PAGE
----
Years of research and practical experience show that implants work, both in stocker cattle and in the feedyard. Kansas State University Extension beef specialist Chris Reinhardt, PhD, says results of hundreds of implant studies on stocker cattle show 15 to 20 percent increases in average daily gain across a range of nutritional levels.

On the downside, trials also have shown that some implant programs, in some situations, can reduce the percentage of cattle grading Choice or better, a factor that becomes more important as producers target premium markets for their cattle. But as scientists learn more about the interactions between implants, animal physiology and environmental factors, producers become better able to tailor their implant strategies for an optimum balance of efficiency and carcass value.

Citing South Dakota State University animal scientist Robbie Pritchard, Reinhardt says cattle prioritize nutrients for use in a specific order: first for maintenance, then for lean tissue growth, then for depositing marbling fat and finally for depositing external fat.

When nutrients, particularly energy, are abundant, cattle have adequate energy to deposit external fat. Implants increase the nutrient demand for lean tissue deposition, and in this environment will have little effect on marbling, which has a higher deposition priority than external fat, Reinhardt says.  

On the other hand, when nutrients are in short supply, such as in a drought-stressed winter pasture, stocker cattle will channel most of the available nutrients toward maintenance and muscle growth, and less toward marbling. Reinhardt points out that implants provide a fairly consistent percentage improvement in gains, compared with no implant, across the full range of forage conditions. So, implanted cattle on a lower plain of nutrition could have higher nutrient demand when supply already is limited. In this case, too much growth promotion could draw nutrients away from marbling and toward lean deposition.

Reinhardt points out that unlike external fat, marbling fat deposition cannot compensate later when nutrition improves. Cattle that cannot meet nutritional demands for depositing marbling while on grass can later gain weight and external fat in the feedyard, but some degree of marbling potential, at a given fat endpoint, is lost.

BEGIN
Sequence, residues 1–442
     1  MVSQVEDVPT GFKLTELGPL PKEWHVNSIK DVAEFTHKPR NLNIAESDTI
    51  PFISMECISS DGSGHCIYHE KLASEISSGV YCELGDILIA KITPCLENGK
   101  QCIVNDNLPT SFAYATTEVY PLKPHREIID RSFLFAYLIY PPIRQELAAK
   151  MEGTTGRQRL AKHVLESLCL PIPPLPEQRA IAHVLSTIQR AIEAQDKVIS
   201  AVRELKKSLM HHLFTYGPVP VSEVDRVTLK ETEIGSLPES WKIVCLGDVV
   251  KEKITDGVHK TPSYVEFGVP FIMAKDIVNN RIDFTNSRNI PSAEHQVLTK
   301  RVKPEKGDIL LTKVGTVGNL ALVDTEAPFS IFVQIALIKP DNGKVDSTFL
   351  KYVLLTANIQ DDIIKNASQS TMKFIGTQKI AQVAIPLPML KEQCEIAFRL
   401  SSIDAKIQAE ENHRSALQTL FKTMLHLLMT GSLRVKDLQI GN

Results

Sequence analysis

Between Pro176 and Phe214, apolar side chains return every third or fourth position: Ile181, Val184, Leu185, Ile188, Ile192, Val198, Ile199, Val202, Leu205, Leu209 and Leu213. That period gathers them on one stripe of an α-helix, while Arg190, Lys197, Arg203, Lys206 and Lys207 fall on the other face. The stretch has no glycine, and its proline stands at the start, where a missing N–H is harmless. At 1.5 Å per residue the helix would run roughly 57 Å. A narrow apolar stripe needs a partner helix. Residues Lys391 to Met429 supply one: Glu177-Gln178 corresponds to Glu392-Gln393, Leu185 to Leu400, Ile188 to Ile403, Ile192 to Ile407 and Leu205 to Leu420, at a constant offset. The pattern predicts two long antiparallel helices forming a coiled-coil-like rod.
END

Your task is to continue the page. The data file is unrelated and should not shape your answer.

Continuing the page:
Reinhardt points out that stocker cattle, depending on the location and time of year, often face circumstances in which forage conditions are marginal or, at best, unpredictable. During August in the Northern Plains, he says, or July in fescue country, or nearly anytime in the Southern Plains, poor pasture conditions are potentially no more than a few days or weeks away. 

As nutrition improves, so does the degree to which cattle respond to different implants. Reinhardt says that in a comparison of 33 individual stocker implant studies, with base rate of gain ranging from 0.62 to 2.2 pounds per day, researchers compared the effects of implants of different dosage and composition on increase in daily gains. Overall, as the base rate of gain increased from 1 pound to 2 pounds per day, indicating better forage quality, the additional gains from implanting also increased, meaning response to implants increases with increasing nutrient supply. The degree of that response, however, varies between implants. In these trials, at higher nutrition levels, increases in average daily gain ranged from 0.12 pound for a zeranol implant to 0.29 pound for estradiol.

So when forage quality and rates of gain are high, an implant that generates a greater response can be desirable. But when nutrients are limited, the extra growth promotion could have a negative effect on future marbling potential. Stocker operators, Reinhardt says, should consider using a relatively mild initial implant when forage quality and quantity are limited, particularly if they participate in a market that rewards quality grade.